Tuesday, March 23, 2010

Health Insurance

I never watch daytime television. I used to, but found time slipping through my fingers. This morning I had to ice my sore shoulder, which requires sitting still for 30 minutes or so. I turned on the morning news and watched President Obama sign the Healthcare Bill into law. The debate is over. This is now the law and over the next several years we will see changes for many people. It will be interesting to see how the provisions of the law are actually put into action. I know it will be expensive, but I also know it will make a change in the lives of many many people.

My family has been lucky. We have always had health insurance. However, health insurance works best when you are healthy and need it only occasionally. When Maggie was born, we quickly learned the limitation of the health insurance and the devastating effects those limitations can have on a family. The insurance we had when Maggie was born was considered quite good. However, it had a lifetime cap of one million dollars. Once the policy paid out that much, we were on our own. Maggie’s first hospitalization was 11 weeks in the NICU. The bill was $550,000. We knew that was only the beginning. She would go through that million-dollar cap in less than two years. We were trying to deal with the shock of Maggie’s complicated diagnoses and the surgical road she faced while the realization of financial ruin faced us. We were completely freaked out.

Financial ruin did not happen to us. My husband changed jobs and started over with a new insurance policy. That took the immediate pressure off us, but co-pays and non-covered things were still taking a huge bite out of our budget. When you added that to the financial hit we took when I had to stop working, it was still daunting. We had not even considered her disabilities, at this point. We were running as fast as we could to deal with the increased expenses and 50% reduction in income.

Maggie’s disabilities were becoming more and more apparent and therapy and equipment added to the financial and emotional stress. There were programs to help her, but we were still reeling. We were saved by the State of California. When she was about two years old, she was the first child in San Francisco to be “institutionally deemed.” This is a fiction that opens the door to additional programs, especially medi-cal (California State health insurance). The way it works is that a child as complicated as Maggie could easily be institutionalized. If she were in an institution, the additional state programs would be available to her. Keeping Maggie at home is an obvious benefit to her, her family and a financial benefit to the State. It is a win, win, win. In order to encourage this, the state “deems” her to be institutionalized and opens the door to those programs.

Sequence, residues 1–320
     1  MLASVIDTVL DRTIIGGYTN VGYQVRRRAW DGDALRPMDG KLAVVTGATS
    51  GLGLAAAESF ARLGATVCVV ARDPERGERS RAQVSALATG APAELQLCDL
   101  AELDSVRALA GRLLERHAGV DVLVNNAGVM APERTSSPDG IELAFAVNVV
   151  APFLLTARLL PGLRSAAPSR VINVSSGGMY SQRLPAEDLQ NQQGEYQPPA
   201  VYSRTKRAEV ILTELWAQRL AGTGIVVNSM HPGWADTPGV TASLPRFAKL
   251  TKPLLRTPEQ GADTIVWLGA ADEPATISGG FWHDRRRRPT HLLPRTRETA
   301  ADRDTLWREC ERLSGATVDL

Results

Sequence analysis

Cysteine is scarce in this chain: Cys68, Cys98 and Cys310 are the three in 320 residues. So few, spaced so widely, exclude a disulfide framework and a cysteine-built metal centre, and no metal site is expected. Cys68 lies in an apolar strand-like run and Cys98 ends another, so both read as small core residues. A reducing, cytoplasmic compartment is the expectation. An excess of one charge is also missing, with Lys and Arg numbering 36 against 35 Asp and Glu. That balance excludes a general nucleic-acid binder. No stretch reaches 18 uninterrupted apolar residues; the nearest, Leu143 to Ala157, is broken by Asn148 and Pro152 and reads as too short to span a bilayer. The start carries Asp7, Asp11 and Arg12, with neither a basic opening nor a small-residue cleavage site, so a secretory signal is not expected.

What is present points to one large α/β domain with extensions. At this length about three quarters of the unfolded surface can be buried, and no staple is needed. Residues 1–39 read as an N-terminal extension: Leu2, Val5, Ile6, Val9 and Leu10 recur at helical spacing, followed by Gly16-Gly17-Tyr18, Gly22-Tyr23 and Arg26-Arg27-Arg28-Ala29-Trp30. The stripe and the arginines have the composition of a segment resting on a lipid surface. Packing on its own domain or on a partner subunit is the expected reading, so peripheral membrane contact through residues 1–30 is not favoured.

I will not lie. Meeting Maggie’s needs is very expensive, but doing it this way is better and cheaper than an institution. I am an unpaid case manager who works 100 hours a week, so I can tell you right off the bat that the state is saving a lot of money by having mom do the work. This is the price I pay to get to keep my daughter at home and it is worth it. We could not possibly have kept Maggie at home without this program. Even with it, we struggle to keep all the balls in the air.

I know there are thousands of people out there who are not as lucky as we are, they do not have health insurance or have a catastrophic illness and find their health insurance is not enough. I don’t know exactly how this new Health bill will work, and I don’t know if the cost will cripple us, but I do know that a government-sponsored program can make a difference in the life of a person and a family.

Maggie is an extreme example, but she is not unique. There are thousands of kids like her and gazillions of less extreme examples. Whatever you think about the wisdom and cost of this healthcare bill, please remember there are real people with life and death issues who may be able to survive and lead better lives because of this.


  1. As usual, Sally, well said.

    I don't believe in luck.

    I think it is important to give understanding (over judgment) to parents who are less capable (vs. unlucky) and elect to place their child in an institution. Meaning that of the few children as extreme as Maggie, fewer of their parents are as capable as you and your spouse.

    I like how you use the word 'fiction' and find the term 'institutionally deemed' just another semantic that makes services possible.

    Will new law make Medi-Cal available to more of the less-extreme children?


  2. Thanks, Barbara. There are days I don't feel very capable at all.

    I don't know how the new Health Care will effect state insurance. It could have a negative effect, but I don't know. It's such an unusual situation, it's not really being adddressed. Hopefully it will take more low income or unemployed people off the state insurance because they will have to get regular coverage - meaning those like Maggie might be able to access more services. Of course I don't know how they are supposed to pay for that, but time will tell.

  3. Hi Sally. I did not realize that among Maggie's many accomplishments and distinctions, being SF's first institutional deeming child was among them. Liz was "deemed" at about age 2 and at the time we did not have employer-based insurance and no individual plan would insure Liz (and frankly, I don't blame them). Medi-Cal is a great program with a wide range of services. Further cuts are inevitable but it will continue to serve as a safety net for uninsurable medically complex children like ours.


Hi Maggie loves your comments. It may take a while for the comment to post, but you will see it eventually.